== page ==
Monday, April 03, 2006

Former county employee has lawsuit tossed

The Daily Journal, originally uploaded by rsdscrpsnews.

Former county employee has lawsuit tossed

By Michelle Durand
San Mateo County will not be held liable for wrongly accusing and charging a former employee who was unsuccessfully prosecuted for faking a severe wrist injury in 2001 to collect $99,000 in workers compensation benefits.

Judge Carol Mittlesteadt tossed the lawsuit by Sheryl and Robert Amaral against the county, ruling it has no liability in her battle against its workers’ compensation company. The claim against the company, Northern Claims Management, is still pending and the County Counsel’s Office is providing legal representation.

“There was a reasonable belief insurance fraud was being committed,” said Deputy County Counsel Raymond Swope. “There’s a reasonable belief where there’s smoke there’s fire.”

The Amarals can still appeal the decision and might seek a settlement straight from the Board of Supervisors instead of a return trip to court, said civil attorney Don Galine.

The couple filed the lawsuit last July after the District Attorney’s Office dropped fraud charges against the 58-year-old former disabled services advocate. The suit sought an unspecified amount for punitive and compensatory damages against San Mateo County and Northern Claims Management.

The couple claimed emotional and financial distress and also argues the county should have passed the criminal case to another jurisdiction because Amaral was one of its own employees.

Galine believes the county maliciously prosecuted Amaral to avoid paying her hefty workers’ compensation benefits for what he said is a legitimate injury.

Amaral spent 15 years working as a disability service advocate for the county until she severely injured her wrist in 2001, placing her in excruciating pain and keeping her at home on worker’s compensation payments. The “white-hot” pain traveled through her body and was finally identified as reflex sympathetic dystrophy, or RSD, Galine said.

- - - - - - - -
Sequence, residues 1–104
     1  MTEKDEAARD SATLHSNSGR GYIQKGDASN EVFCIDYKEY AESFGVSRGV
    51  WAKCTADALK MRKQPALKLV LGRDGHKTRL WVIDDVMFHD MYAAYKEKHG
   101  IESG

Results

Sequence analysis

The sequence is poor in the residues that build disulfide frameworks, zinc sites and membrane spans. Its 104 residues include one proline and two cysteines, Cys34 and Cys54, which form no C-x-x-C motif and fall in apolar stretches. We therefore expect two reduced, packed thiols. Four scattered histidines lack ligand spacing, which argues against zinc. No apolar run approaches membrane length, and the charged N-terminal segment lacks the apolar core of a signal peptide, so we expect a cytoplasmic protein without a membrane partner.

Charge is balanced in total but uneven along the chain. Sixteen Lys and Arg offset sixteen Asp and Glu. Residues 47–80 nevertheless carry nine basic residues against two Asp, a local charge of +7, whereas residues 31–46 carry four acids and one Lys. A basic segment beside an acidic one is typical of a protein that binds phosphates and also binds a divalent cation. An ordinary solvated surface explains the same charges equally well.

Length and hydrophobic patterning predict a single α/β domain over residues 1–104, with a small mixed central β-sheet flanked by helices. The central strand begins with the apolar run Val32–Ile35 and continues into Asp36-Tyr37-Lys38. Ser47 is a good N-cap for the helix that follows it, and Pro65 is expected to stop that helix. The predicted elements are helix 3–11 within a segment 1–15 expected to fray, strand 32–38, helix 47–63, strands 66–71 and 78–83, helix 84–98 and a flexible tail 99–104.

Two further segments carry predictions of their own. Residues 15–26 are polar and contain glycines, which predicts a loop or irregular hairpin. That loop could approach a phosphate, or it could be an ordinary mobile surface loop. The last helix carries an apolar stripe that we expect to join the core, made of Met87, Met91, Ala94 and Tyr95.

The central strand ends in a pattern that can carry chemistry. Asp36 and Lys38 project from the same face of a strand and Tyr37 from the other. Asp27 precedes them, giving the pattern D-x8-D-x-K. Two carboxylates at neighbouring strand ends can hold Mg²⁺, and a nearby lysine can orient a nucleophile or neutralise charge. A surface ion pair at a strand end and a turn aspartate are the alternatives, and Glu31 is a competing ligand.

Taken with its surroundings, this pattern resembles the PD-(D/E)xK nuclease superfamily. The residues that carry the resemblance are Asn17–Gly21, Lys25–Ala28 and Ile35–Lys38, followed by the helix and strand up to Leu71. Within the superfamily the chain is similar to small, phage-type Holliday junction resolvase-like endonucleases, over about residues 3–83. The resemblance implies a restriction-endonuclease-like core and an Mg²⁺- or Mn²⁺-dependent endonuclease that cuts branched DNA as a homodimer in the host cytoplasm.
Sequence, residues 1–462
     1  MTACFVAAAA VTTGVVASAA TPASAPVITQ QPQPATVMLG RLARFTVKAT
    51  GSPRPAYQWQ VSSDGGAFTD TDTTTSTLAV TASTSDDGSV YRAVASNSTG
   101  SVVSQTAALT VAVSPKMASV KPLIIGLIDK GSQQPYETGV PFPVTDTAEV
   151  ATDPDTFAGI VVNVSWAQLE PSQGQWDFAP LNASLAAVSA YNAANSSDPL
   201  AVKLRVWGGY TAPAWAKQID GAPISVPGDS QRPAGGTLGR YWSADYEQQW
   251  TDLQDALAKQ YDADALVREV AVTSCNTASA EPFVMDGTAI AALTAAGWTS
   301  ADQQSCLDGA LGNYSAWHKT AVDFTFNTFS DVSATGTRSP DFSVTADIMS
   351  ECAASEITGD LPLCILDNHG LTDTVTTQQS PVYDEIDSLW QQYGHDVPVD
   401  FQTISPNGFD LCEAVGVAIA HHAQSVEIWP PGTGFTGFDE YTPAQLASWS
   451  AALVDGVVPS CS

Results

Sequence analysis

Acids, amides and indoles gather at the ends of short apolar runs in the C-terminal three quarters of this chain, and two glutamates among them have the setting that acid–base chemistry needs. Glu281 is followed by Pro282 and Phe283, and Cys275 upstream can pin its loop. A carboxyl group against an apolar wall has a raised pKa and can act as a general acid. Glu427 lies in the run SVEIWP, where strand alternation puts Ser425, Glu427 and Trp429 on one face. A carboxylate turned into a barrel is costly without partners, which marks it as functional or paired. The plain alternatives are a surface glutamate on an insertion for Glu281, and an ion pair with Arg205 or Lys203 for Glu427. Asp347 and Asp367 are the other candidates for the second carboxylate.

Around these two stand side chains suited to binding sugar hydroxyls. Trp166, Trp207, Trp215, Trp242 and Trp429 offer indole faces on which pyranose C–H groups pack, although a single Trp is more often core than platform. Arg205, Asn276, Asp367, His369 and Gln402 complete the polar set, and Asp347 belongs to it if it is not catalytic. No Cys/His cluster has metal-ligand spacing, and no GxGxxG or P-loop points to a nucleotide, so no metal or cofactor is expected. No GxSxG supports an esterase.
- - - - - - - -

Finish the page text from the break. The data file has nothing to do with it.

The county, however, believed Amaral was faking her injury to collect benefits and charged her with fraud. To prove its case, the county and its claims administrator hired private investigators to follow Amaral and secretly videotape her lifting, driving and shopping. Galine said a doctor permitted the activity but prosecutors said her injury, if valid, would have not allowed the movement.

The surveillance and consequent prosecution caused Amaral economic and emotional damages, placing her name in the public spotlight and violating her civil rights, Galine contends.

In April, the District Attorney’s Office dropped the charges, citing insufficient evidence. Three months later, the couple filed their own suit.

Although the county has been removed, the suit is not finished until a judge decides whether the Amarals are liable for attorneys fees, Swope said.

Michelle Durand can be reached by e-mail: or by phone: (650) 344-5200 ext. 102. What do you think of this story? Send a letter to the editor:

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